Constipation In Kids

By: Pallavi Vathiar. Consulting Clinical Nutritionist, Mumbai.

Email: fihealthie@gmail.com

Constipation is a common problem in children and it accounts for 3% of visits to general pediatric clinics and as many as 30% of visits to pediatric gastroenterologists in developed countries (1). Baby’s clenched fists and red face would make you wonder what you did wrong. Your baby may just be showing the signs of a condition called colic.

Colic in babies basically refers to an otherwise healthy baby crying inconsolably for long stretches of time. Symptoms of colic may include frequent spitting up, poor eating and irritability during and after feeds.

A cross-sectional study provides the first epidemiological data about the prevalence of Functional Constipation (FC) amongst infants and toddlers in a developing country. The prevalence rate of FC in infants (8.3%) was higher than that of toddlers (6.6%). Children aged between 37 and 48 months showed the highest prevalence (13%) of FC (2).

While the exact cause of colic is still unknown, some theories include_

  • The immature digestive system of an infant makes it more susceptible to some of the substances in breast or formula milk.
  • In the case of breastfed babies, colic may be a reaction to specific foods in the mother’s diet.
  • Excessive air in the baby’s gastrointestinal tract (3)

In general 50% of children with chronic constipation will be cured after a year and 65-70% after 2 years, with much higher rates in motivated, adherent families (4)

Cause And Symptoms (5)

Some formula-fed and breastfed infants get constipated once they’re introduced to solid foods. Symptoms of constipation in infants and toddlers include

  • Pellet-like bowel movements
  • Difficulty passing stools
  • Crying during bowel movements
  • Hard, dry stools
  • Less frequent bowel movements

Treatment And Remedies

Studies indicate that external stimuli such as nutrition and environment play an important role in the development of the infants gastrointestinal (GI) system. As colic is a problem associated with the baby’s gut and that a low amount of good bacteria could be a probable cause for development of colic in the baby, it would be beneficial if ways to increase the count of these beneficial micro-organisms are looked at.

As is widely known, human breast milk is the best form of nutrition for infants, it is also a rich source of oligosaccharides, the third largest component of breast milk after carbohydrates and fat .These oligosaccharides have a prebiotic effect on infant gut health, promoting the growth of beneficial bacteria like bifidobacteria and lactobacilli which may help in reduction of colic in babies (3).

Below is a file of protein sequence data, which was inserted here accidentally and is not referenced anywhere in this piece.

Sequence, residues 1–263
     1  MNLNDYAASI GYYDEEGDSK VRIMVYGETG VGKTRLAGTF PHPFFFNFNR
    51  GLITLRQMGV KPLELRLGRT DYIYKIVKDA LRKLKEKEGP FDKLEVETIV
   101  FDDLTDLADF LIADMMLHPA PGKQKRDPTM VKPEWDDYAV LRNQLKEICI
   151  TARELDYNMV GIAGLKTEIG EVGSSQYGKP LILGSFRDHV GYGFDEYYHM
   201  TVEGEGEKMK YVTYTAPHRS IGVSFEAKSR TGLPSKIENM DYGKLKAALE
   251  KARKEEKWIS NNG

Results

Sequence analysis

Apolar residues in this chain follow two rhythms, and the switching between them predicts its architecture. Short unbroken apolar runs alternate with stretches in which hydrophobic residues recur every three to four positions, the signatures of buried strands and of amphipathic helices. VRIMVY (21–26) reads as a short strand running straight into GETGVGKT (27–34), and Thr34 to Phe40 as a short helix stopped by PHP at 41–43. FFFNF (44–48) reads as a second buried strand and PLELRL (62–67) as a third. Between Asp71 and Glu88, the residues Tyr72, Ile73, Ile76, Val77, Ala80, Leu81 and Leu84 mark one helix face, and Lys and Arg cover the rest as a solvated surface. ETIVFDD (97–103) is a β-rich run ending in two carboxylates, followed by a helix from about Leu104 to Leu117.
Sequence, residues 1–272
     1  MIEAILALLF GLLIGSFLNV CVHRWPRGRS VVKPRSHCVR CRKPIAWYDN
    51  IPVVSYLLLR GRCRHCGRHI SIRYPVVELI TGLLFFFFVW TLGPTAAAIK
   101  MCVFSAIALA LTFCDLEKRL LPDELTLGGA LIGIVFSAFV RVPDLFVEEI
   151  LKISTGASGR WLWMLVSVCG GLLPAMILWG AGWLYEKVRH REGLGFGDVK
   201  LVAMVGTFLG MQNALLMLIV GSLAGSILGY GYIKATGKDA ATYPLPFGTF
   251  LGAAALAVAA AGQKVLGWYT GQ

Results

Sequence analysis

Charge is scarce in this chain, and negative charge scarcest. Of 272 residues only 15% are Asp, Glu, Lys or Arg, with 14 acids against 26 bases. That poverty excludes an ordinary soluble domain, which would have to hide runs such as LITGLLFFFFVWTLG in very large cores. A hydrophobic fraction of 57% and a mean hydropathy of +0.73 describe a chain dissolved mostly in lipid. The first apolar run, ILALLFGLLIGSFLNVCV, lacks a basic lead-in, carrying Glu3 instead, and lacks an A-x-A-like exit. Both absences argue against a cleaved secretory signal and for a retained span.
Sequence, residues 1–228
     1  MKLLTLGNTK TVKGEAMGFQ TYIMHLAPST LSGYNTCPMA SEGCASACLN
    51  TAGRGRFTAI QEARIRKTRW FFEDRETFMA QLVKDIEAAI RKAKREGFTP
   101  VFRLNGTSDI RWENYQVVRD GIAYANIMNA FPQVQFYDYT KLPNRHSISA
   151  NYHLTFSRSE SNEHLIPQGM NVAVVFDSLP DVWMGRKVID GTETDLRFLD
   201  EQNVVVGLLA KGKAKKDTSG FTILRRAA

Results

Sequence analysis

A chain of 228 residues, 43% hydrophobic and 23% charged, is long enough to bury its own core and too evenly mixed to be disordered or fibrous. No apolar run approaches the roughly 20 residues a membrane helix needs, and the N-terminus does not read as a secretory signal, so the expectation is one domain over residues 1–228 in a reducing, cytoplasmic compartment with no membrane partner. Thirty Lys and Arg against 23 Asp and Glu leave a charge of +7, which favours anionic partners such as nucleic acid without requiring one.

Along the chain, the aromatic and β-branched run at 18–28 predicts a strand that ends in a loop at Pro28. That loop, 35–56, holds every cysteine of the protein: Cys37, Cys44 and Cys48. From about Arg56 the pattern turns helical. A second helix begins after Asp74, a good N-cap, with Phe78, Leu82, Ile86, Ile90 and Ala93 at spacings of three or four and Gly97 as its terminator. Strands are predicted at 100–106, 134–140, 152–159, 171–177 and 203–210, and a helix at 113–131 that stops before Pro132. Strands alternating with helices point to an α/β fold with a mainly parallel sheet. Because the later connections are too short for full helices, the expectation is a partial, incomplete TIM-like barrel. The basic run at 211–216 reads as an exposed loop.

In addition to probiotics, dietary changes are often recommended for children with constipation (5)

Home Remedies For Babies and Toddler

Even though constipation is uncomfortable for infants and toddlers, it’s rarely a sign of an underlying condition. Several home remedies can help soften stools and relieve constipation.

  • Drink more water

If your baby is at least 6 months old, you can offer 2 to 3 ounces of water at a time to relieve constipation.

  • Drink some fruit juice

If your baby is at least 6 months old, you can offer 2 to 4 ounces of fruit juice. This includes 100-percent apple juice, prune juice, or pear juice in addition to regular feedings.

  • Add more high fiber foods

apples

pears

peas

prunes

bananas

  • Reduce amount of rice cereal

Rice cereal can also trigger constipation because it’s low in fiber. Reduce the amount of rice cereal you feed your baby to relieve constipation (6).

Reference:

  1. https://pubmed.ncbi.nlm.nih.gov/17032205/
  2. https://bmcpediatr.biomedcentral.com/articles/10.1186/s12887-019-1652-y
  3. https://danone.in/prebiotics/understanding-and-managing-colic-effectively.php?utm_source=Google-Search&utm_medium=CPC&utm_campaign=understanding-and-managing-colic-effectively&gclid=CjwKCAjwqML6BRAHEiwAdquMnRck2c1azc-wWYXuBIRzxBy8BL_CRgX7EkF3EfhOGX4veOtmU79xQBoCJRoQAvD_BwE
  4. https://pubmed.ncbi.nlm.nih.gov/8224663/
  5. https://www.aafp.org/afp/2014/0715/p82.html
  6. https://www.healthline.com/health/constipation-in-kids#precautions

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